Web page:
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For Your Weekend: Above and Beyond

Mallory Smyth
February 18, 2023

Dig Deeper into Sunday’s Gospel: Read Matthew 5:38-48

Would you rather simply fulfill an obligation, check a box and move on, or exceed expectations and go above and beyond?

When it comes to gift giving, I’m all about fulfilling the obligation and no more. I do the bare minimum for Christmas and birthdays to ensure that my loved ones aren’t disappointed. This normally includes one of Amazon’s first three birthday options and a card. Most of the time, I don't even wrap it. I hold the gift behind my back and yell, surprise, as I give it to them. Rockstar, I know. 

But now and then, I decide to exceed expectations. I’ll spend hours on a handmade gift or give something creative that makes my loved one's heart soar. The look on their face reminds me that going above and beyond is always the better option. 

In this week’s gospel, Jesus invites us to rise above the status quo of the law and embrace a life defined by the Spirit. What’s the difference? John 1:17 explains, “The law was given through Moses; grace and truth came through Jesus Christ.” 

This meant that the laws Moses gave demanded certain behaviors but didn’t have the power to transform the heart. Only the law of the Spirit could do that. Only the grace and truth brought by Jesus can enable us to soar above what the law requires and become capable of supernatural behavior. 

Jesus said, “You have heard that it was said, ‘An eye for an eye and a tooth for a tooth.’ But I say to you, offer no resistance to one who is evil. When someone strikes you on your right cheek, turn the other one to him as well. If anyone wants to go to law with you over your tunic, hand him your cloak as well. Should anyone press you into service for one mile, go with him for two miles” (Matthew 5:38–41). “You have heard that it was said, ‘You shall love your neighbor and hate your enemy.’ But I say to you, love your enemies and pray for those who persecute you” (Matthew 5:43–44).

These are Jesus’ invitations out of the law of the flesh, which says:

  • I’ll do to you what you have done to me.
  • I’ll give you what you need and no more.
  • I’ll love you only if you love me.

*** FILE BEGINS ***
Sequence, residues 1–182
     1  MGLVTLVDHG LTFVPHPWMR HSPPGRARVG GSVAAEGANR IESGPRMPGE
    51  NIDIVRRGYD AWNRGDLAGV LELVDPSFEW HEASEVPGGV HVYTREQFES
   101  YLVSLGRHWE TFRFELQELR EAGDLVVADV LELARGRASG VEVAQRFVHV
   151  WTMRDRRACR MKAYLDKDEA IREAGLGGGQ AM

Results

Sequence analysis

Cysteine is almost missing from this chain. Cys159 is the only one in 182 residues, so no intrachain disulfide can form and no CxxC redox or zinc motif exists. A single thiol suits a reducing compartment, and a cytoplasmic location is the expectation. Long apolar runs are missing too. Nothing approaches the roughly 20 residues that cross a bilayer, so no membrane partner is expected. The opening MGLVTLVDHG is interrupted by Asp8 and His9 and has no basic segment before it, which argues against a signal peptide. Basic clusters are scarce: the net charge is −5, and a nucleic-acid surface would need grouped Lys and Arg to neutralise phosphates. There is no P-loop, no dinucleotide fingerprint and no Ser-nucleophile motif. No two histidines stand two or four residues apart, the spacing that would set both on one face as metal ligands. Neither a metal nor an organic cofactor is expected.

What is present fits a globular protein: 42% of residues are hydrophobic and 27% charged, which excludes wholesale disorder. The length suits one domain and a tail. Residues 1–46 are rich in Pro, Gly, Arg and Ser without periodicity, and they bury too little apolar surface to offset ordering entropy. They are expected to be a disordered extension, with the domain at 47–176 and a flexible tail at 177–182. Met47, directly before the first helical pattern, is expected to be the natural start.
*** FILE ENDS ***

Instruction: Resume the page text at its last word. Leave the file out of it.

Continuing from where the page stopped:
This kind of goodwill toward neighbors is limited by the requirement of the law and our fleshly desires. As Jesus said, even unbelievers act this way (Matthew 5:46-47). But Jesus invites us into extravagance, a way of living that resembles the love that animates the Father Himself. He invites us to live according to the law of the Spirit, which has no limits:

  • Unending mercy 
  • Radical generosity
  • Boundless love

Why is this the better and higher way to live? Because when we choose unending mercy, God sets us free from the bondage of being defined by someone else’s sin toward us. He takes on the burden of administering justice, a burden that only He can carry. He guides us as He helps us to take the necessary actions to heal the wounds. Unburdened by grudges, we can live with more freedom. 

When we give more and go farther than is required, we expand our capacity to practice God’s generosity. No longer are we worried about what is “ours” and what is “fair.” Instead, we concern ourselves with what God wants and answer His call above others. He then enables us to live at a higher level, concerned with what concerns Him.

When we love supernaturally, God expands our capacity to love beyond the limits of our nature. The Holy Spirit transforms our human love into a love capable of transcending our feelings. That kind of love can bring even the most hardened heart to God because it is that kind of love that the world does not expect. 

Anne Marie Schmidt, a Holocaust survivor, showed us what it looks like to live according to the Spirit and practice unending mercy, radical generosity, and boundless love. During the war, a German guard beat her within an inch of her life. Days later, she woke up in a hospital bed, shocked to see the same man at her side. 

He asked, “Before you lost consciousness after I beat you, you said you forgave me. Is that true?” Completely disoriented, Anne Marie said to him, “By the power of Jesus Christ, I forgive you.” He looked at her and asked, “But do you forgive me?” Her reply, “I do not have the strength to forgive you, but my Jesus does, and it is by his power that I forgive you.” The man accepted this from her and then commanded her, “Tell me about your Jesus.” Choosing God’s desires over her own, she told him all about Jesus. The story ended with her becoming well enough to walk him down to a river and baptize him.[1]  

Is this easy? No. It’s hard. It is in our nature to want to love according to the flesh, which is why Jesus told us, “Be perfect, just as your heavenly Father is perfect” (Matthew 5:48). He reminded us that this kind of life is impossible without Him. And yet, a life lived above and beyond the law is the best. Living in the Spirit, God shows up and makes miracles in ordinary moments. 

Food for thought or journaling…

In what ways am I satisfied to live my faith by checking boxes and following the status quo? How might the Lord be calling me to rise up and live according to the law of the Spirit? 

Jesus, show me how You are calling me to live every day practicing Your supernatural forgiveness, generosity, and love. I offer You all the ways that I don’t trust that You will honor this kind of extravagance and ask You to convict my heart to follow You as far as You lead. Amen.

[1] Anne Marie Schmidt, “To Hell And Back: Divine Love and The Cross,” Lighthouse Catholic Media, accessed 02/02/2023, https://www.lighthousecatholicmedia.org/store/title/to-hell-and-back-divine-love-and-the-cross-1.

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